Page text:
While for several participants it was difficult to quantify any changes in outcomes over time, it was felt that the proportion of positive outcomes had increased since the implementation of the CoP. As noted above, the volume of searches had reduced since the cessation of consensual searches, and there was a sense that the approach was now based on "quality not quantity". Specifically, it was felt that the CoP had placed an emphasis on having reasonable grounds for suspicion, and that officers therefore felt they needed to be confident they could justify those grounds before conducting a search. As a result of having reasonable grounds in place for every search, it was suggested that there was now a greater chance of achieving a positive outcome. This was compared with the period when consensual searches were being carried out, when there was such a high volume of searches that the proportion of positive outcomes was "diluted" by the sheer number of searches.

"Before [the Code of Practice] they were just impromptu searches on the off chance you might get something, possibly…which then meant your good results were diluted, massively diluted."

(Police supervisor)

3.4 Effectiveness of stop and search as a police power

As stated in the CoP, one of the primary aims of stop and search is to help prevent and detect crime; police gave mixed views on the effectiveness of stop and search in achieving this aim.

In terms of detecting and solving crime, one of the key benefits of stop and search was that it involved direct engagement with individuals and therefore created the opportunity to "strike while the iron is hot" and recover any prohibited items on their person. Where searches had resulted in the recovery of an item, this was noted to have had the direct impact of detecting and solving the relevant crime and increasing public safety by removing the prohibited item from the individual.

"For detecting [crime], I would say it's useful…[With] weapons, it's a big public safety thing, it gives us the power to go and do something; if a member of the public tells us this person has got a weapon, it means that we can go and deal with it, detect it and solve their problem and hopefully protect somebody from getting hurt."

(Police officer)

Police had also experienced indirect impacts of stop and searches, as a result of information becoming available through talking with individuals while they were being searched, which provided intelligence that could help solve crimes at a future date. This additional intelligence was even seen in cases where the search itself resulted in a negative outcome.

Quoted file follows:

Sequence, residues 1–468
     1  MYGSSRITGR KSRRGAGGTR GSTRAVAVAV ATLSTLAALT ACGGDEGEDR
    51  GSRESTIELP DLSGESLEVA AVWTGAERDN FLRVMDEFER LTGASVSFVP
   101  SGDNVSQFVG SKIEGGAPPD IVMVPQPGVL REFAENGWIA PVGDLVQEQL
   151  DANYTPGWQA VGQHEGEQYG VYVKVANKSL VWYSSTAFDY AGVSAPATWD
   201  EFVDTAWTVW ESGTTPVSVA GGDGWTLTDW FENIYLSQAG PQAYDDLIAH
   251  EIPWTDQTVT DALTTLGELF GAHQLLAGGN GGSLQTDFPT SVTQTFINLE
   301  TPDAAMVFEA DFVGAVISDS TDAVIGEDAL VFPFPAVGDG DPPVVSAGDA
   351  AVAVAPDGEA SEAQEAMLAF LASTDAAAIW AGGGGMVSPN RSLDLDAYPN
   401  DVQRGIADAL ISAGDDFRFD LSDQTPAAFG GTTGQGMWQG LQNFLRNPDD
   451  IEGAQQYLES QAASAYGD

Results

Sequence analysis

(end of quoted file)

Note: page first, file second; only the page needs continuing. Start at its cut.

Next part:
"I don't think there is any stop and search that isn't beneficial. [Even] though it is negative in terms of the search for drugs, you are probably going to end up getting some intelligence from that."

(Police supervisor)

Views on stop and search as a crime deterrent were mixed. On the one hand, some police suggested that use of the tactic may have deterred individuals from carrying prohibited items due to fear of being stopped and searched, though it was difficult for police to be certain of this. On the other hand, others felt that it was difficult for stop and search to act as a deterrent because of the nature of individuals involved, who were often likely to reoffend even if they had been caught with items in the past. It was also suggested that stop and search had become less of a deterrent since the introduction of the CoP, as members of the public were now more likely to be aware that consensual searches could no longer be used, and may therefore simply be more careful about how the behaved rather than actually ceasing criminal activity.

These views notwithstanding, the NSSU stressed that stop and search should not be viewed in isolation, but rather as one tactic that forms part of a wider strategy of violent crime reduction. When examining the longer term impact of tactics such as stop and search, they highlighted the importance of also looking at other elements that have an impact on offending behaviour, including education, health, and social care. This was a view echoed by practitioners, who noted the need for a holistic approach to addressing the needs of young people who have had contact with the police, in recognition of their vulnerable, chaotic lifestyles.

"I think a mistake we have made in the past is that we felt stop and search was an answer to all of society's ills and was going to keep people safe, when actually we have learnt to understand that it is one tactic that needs to be done appropriately, but there is a host of other things that actually work towards a positive outcome."

(NSSU representative)